The Erlangen Fitness Osteoporosis Prevention Study: a controlled exercise trial in early postmenopausal women with low bone density-first-year results

Arch Phys Med Rehabil. 2003 May;84(5):673-82. doi: 10.1016/s0003-9993(02)04908-0.


Objective: To investigate the effect of a 2-year vigorous, combined high-impact, strength, and endurance training program on bone mineral density (BMD) determined by dual-energy x-ray absorptiometry (DXA), quantitative computed tomography (QCT), and ultrasound in early postmenopausal women with osteopenia.

Design: Nonrandomized controlled trial, reporting 1-year data.

Setting: Community.

Participants: Early postmenopausal (1-8y postmenopausal) osteopenic women (DXA T score at lumbar spine or total hip between -1 and -2.5 standard deviations). The exercise group (n=59; mean age, 55.1+/-3.4y) and control group (n=41; mean age, 55.9+/-3.1y) were recruited from community registers.

Intervention: Fourteen months of exercise training, with 2 joint sessions and 2 additional home training sessions. Exercise and control groups were supplemented individually with calcium and cholecalciferol up to 1500mg of calcium and 500IU of vitamin D per day.

Main outcomes measures: BMD at the lumbar spine and total hip measured by DXA, isometric maximum strength, and maximal oxygen consumption (VO2max) during a stepwise running test to exhaustion.

Results: Bone density increased significantly at the lumbar spine for the exercise group (1.3%, P<.001) and decreased in the control group (-1.2%, P<.01). Differences at the total hip (-0.3%, not significant vs -0.8%, P<.05) and the femoral neck (-0.8%, P<.05 vs -1.8%, P<.001) were nonsignificant. Changes in isometric maximum strength were significant for each region (grip strength, trunk flexors and extensors, hip flexors, leg adductors and abductors, arm flexors and extensors) in the exercise group (11%-39%) compared with nonrelevant changes (-1.1% to 3.9%) in the control group. Between-group differences were significant (P<.01-.001) for all strength parameters. VO2max increased significantly by 11% (P<.001) in the exercise group but decreased in the control group by 4% (P<.05) while showing significant between-group differences.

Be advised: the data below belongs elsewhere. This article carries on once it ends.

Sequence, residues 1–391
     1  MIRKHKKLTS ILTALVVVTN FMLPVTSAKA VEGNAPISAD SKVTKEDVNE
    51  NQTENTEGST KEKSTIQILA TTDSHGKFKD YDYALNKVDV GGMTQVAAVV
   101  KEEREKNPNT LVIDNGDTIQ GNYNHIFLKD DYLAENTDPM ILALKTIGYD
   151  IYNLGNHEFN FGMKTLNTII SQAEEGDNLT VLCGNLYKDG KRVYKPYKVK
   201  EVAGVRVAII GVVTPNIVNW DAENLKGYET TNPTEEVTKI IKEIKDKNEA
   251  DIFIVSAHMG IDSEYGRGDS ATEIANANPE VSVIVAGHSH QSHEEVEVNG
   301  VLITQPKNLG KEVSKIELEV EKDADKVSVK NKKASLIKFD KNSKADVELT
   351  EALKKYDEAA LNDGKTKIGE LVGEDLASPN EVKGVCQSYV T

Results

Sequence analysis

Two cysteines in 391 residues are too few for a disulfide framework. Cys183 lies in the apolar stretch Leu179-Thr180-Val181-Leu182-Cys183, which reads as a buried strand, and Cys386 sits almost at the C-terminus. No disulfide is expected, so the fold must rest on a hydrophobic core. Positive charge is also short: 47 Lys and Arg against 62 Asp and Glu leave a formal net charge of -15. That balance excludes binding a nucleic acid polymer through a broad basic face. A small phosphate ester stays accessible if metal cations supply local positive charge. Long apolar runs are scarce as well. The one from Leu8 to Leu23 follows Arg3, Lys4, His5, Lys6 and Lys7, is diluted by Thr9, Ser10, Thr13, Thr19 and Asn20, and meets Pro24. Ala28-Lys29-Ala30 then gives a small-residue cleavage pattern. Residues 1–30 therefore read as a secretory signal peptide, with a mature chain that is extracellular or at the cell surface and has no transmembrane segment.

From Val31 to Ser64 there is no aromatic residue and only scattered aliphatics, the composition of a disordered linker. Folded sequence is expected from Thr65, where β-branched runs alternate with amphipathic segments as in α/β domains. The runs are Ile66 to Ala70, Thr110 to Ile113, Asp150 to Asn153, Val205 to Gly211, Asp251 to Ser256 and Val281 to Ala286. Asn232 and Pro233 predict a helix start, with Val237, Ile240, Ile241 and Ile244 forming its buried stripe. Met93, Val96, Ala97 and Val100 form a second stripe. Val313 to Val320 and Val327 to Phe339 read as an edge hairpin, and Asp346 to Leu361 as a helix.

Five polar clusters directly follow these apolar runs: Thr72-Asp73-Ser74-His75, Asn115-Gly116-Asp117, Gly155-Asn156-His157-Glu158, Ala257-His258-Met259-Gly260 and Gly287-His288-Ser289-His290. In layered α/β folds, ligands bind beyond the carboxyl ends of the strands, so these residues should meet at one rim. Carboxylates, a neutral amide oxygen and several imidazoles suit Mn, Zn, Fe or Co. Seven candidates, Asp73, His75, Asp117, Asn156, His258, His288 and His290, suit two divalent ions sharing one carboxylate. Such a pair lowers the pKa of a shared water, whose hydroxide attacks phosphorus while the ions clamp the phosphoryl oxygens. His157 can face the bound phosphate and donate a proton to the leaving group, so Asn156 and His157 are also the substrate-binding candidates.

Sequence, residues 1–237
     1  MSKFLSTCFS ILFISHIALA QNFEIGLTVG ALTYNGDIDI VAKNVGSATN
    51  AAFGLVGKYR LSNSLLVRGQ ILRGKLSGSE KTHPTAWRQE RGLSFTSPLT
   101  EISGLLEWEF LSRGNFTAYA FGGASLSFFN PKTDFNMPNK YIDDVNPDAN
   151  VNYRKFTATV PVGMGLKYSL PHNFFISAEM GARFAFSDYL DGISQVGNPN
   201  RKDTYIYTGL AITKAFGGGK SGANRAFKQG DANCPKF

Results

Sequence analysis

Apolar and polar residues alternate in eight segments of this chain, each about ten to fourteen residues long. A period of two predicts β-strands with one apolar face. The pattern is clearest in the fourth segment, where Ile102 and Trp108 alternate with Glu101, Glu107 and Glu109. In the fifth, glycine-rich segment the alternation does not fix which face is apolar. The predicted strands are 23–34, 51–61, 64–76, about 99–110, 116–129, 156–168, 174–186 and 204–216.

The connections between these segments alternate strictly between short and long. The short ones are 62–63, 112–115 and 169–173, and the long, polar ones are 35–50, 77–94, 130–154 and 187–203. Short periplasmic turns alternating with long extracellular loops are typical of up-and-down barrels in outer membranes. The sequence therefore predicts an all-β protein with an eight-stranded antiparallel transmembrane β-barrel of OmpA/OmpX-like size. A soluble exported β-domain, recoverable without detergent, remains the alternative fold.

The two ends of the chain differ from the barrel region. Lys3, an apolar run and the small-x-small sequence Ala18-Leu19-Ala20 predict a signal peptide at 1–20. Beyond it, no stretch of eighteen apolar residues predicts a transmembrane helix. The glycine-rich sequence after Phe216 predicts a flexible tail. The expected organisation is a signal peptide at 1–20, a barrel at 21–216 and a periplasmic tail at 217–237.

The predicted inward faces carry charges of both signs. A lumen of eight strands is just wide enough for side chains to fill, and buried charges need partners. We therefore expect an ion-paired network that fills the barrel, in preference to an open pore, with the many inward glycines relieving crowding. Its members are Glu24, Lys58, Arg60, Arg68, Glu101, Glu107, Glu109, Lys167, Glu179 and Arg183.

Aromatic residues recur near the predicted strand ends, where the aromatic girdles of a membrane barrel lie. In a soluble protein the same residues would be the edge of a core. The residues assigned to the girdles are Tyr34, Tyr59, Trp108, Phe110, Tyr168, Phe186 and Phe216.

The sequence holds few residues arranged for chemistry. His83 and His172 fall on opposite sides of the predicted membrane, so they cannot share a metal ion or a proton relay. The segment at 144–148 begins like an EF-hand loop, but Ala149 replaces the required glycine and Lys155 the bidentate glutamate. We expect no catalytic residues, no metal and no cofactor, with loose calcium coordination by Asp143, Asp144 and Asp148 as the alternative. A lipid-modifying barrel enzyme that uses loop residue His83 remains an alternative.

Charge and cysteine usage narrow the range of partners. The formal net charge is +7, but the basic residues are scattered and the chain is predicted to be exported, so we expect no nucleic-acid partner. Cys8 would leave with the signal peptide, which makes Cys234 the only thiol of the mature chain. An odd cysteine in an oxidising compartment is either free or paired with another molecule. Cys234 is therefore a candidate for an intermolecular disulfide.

Conclusion: High-intensity exercise training can have a positive influence on bone density in early postmenopausal osteopenic women.

Publication types

  • Clinical Trial
  • Controlled Clinical Trial
  • Research Support, Non-U.S. Gov't

MeSH terms

  • Absorptiometry, Photon
  • Age Factors
  • Anthropometry
  • Bone Density
  • Exercise Therapy / methods*
  • Female
  • Hand Strength
  • Humans
  • Isometric Contraction
  • Middle Aged
  • Nutrition Assessment
  • Osteoporosis, Postmenopausal / diagnosis
  • Osteoporosis, Postmenopausal / etiology
  • Osteoporosis, Postmenopausal / prevention & control*
  • Oxygen Consumption
  • Physical Fitness*
  • Postmenopause
  • Severity of Illness Index
  • Surveys and Questionnaires
  • Tomography, X-Ray Computed
  • Treatment Outcome
  • Weight Lifting